Minimizing Risk Of Emerging Market Bond Funds Leaving Investors Stranded 2

Mutual funds and exchange-traded funds, or ETFs, grant easy access to virtually any market these days. They are particularly helpful when seeking exposure to lesser known emerging and frontier markets, especially emerging market bond funds.

Not only do these instruments provide diversification across geographies by investing in a single fund instead of buying several individual securities, as shown by the graph below highlighting EMLC, they also reduce transaction costs and risks associated with individual bonds.

ETFs owned a record share of the U.S. stock market at the end of the first quarter of 2017 with nearly 6 percent of total market holdings, according to analysis by Goldman Sachs.

ETFs come with an additional benefit of being traded on exchanges like equities. However, the perceived benefit of immediate liquidity for some ETFs may become elusive in case of a liquidity squeeze caused by points discussed in the previous two articles of this series.

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Not so liquid

Though ETFs provide liquidity due to the fact that they are openly traded on exchanges, as securities they are susceptible to a liquidity squeeze just like any individual stock or bond.

The reason why liquidity of emerging market bond funds are particularly important to watch is because the holdings of some funds may become relatively illiquid at times.

When a redemption order comes in, a fund provider needs to sell assets in proportion of the order. However, if some of the invested papers become illiquid, then the fund house needs to sell more liquid papers in order to meet its obligation. This puts later redemptions at a disadvantage as their exit could be delayed depending on the salability of the remaining papers.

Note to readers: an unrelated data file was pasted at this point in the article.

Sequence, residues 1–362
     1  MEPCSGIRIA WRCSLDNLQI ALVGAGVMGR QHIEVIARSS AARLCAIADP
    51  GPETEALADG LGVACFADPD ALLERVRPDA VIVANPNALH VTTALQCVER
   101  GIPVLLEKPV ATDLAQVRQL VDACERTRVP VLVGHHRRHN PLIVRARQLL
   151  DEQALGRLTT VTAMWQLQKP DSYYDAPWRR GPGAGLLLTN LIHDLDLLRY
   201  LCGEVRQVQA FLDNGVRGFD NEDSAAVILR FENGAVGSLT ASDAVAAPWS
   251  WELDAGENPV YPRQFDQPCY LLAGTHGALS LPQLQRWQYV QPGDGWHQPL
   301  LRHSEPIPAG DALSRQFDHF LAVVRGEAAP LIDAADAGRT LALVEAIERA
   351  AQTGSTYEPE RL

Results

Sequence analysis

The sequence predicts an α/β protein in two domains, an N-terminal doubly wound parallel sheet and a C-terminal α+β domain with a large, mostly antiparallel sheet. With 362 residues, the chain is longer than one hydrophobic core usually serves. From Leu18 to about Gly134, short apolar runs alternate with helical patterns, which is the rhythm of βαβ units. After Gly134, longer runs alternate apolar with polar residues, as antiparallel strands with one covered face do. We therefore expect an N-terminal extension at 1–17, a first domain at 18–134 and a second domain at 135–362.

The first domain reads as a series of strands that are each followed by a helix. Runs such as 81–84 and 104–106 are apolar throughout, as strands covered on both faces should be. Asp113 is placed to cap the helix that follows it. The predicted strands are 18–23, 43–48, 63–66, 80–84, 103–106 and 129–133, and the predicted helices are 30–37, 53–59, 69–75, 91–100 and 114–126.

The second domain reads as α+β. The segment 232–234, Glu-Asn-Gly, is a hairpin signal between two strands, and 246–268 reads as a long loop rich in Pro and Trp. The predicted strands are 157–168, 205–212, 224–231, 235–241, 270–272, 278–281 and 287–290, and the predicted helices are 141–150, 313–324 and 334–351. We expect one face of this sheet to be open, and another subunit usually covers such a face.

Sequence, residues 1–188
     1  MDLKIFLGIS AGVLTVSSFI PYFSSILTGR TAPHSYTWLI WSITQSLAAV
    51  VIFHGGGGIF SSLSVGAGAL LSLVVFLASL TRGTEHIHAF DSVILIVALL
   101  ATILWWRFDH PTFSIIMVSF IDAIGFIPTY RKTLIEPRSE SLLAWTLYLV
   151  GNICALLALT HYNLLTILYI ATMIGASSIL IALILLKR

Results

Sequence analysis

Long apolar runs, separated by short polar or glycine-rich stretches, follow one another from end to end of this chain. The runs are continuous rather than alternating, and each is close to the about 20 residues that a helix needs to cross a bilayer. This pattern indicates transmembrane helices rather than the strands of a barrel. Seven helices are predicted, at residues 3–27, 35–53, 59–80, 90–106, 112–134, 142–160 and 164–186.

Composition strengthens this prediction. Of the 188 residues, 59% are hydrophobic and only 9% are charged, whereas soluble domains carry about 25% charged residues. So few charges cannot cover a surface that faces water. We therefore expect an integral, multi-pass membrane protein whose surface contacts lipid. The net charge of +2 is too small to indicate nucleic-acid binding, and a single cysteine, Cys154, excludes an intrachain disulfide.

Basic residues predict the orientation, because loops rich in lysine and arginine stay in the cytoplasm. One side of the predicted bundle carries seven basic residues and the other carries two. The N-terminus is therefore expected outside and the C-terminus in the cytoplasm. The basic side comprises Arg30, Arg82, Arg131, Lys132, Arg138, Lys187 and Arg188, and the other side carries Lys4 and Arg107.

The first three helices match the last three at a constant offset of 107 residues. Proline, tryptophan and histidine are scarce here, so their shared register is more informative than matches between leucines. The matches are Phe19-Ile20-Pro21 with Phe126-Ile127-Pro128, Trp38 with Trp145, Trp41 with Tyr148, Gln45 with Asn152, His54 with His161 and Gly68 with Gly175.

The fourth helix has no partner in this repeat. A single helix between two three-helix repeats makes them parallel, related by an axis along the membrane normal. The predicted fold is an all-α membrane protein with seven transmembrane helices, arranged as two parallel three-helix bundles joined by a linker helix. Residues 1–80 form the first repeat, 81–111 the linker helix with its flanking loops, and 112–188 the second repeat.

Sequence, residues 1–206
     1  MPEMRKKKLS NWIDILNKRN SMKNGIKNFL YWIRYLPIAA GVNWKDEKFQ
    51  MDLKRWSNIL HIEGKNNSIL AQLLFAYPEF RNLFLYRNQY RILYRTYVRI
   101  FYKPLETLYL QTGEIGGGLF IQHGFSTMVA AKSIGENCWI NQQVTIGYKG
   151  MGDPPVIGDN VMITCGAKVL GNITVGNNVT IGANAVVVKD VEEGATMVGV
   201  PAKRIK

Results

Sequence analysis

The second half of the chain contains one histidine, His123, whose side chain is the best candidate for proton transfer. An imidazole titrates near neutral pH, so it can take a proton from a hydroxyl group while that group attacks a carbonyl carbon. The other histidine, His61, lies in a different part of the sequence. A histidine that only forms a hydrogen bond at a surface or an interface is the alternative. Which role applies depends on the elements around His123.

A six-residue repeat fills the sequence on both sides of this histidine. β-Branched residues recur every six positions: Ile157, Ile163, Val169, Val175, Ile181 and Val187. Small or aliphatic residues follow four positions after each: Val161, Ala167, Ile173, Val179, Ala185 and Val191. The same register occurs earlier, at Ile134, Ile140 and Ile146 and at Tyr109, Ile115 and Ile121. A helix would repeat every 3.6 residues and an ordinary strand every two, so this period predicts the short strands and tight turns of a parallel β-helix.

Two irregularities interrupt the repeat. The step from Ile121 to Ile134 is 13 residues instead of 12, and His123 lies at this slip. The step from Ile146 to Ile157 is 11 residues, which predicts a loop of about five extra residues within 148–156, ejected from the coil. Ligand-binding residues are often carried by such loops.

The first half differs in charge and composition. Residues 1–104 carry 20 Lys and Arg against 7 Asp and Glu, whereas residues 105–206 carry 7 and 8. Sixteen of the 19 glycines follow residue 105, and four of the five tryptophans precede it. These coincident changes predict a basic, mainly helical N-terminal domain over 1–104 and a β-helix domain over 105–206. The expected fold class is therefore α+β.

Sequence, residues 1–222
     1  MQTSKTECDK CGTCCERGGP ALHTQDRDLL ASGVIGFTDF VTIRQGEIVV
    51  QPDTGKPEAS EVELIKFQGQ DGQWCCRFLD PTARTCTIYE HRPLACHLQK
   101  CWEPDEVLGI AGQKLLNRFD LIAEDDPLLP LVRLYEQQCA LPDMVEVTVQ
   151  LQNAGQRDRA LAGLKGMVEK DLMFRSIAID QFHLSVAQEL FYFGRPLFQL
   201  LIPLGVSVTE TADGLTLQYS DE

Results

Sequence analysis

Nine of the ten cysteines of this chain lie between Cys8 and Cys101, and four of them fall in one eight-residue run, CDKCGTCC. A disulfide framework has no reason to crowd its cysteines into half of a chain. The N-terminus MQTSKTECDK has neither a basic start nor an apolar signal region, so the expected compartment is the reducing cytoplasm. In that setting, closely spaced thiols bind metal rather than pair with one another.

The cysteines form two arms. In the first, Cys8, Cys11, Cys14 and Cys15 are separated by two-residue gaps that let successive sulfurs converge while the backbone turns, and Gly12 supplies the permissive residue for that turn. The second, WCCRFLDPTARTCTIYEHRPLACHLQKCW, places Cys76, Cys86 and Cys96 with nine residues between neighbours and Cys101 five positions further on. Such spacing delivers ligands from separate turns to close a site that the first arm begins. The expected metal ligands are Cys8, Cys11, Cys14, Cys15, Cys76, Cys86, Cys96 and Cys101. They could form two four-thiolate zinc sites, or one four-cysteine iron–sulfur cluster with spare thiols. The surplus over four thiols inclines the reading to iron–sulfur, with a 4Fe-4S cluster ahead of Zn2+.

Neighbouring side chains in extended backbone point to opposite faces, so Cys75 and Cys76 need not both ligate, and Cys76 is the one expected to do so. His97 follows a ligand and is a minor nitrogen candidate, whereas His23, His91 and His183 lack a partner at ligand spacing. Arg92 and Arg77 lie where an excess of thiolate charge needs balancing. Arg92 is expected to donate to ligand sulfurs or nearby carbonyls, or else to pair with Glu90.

Now consider an event where redemption pressure becomes severe for an asset class. A fund with sizable assets invested in less liquid papers – which provide much higher yields and are thus found to be attractive – would find it extremely difficult to find takers for its holdings and may have to resort to selling at a less than ideal pace.

Or, in case of an open-ended mutual fund, it may have to halt redemptions completely.

This happened on December 10, 2015, when the Third Avenue Focused Credit Fund had barred sales of units completely. The majority of the papers the fund was invested in were deep in junk territory, making them exceptionally illiquid.

Emerging market bond funds

In order to ensure that liquidity does not become a concern, investors look closely at the credit maturity profile of ETFs and how it’s changing over a monthly and/or quarterly basis depending on the rebalancing frequency of the underlying index.

All the funds we had looked at an earlier series on credit quality (EMB) (VWOB) (EMLC) (LEMB) (ELD) have most of their assets invested in sovereign bonds, thus taking away worries of being invested in less liquid corporate bonds. However, investors keep tabs on the geographic allocation of fund holdings. Studying how macro events impacting the top invested countries in their funds to get a better understanding of the liquidity picture is imperative for minimizing risk.

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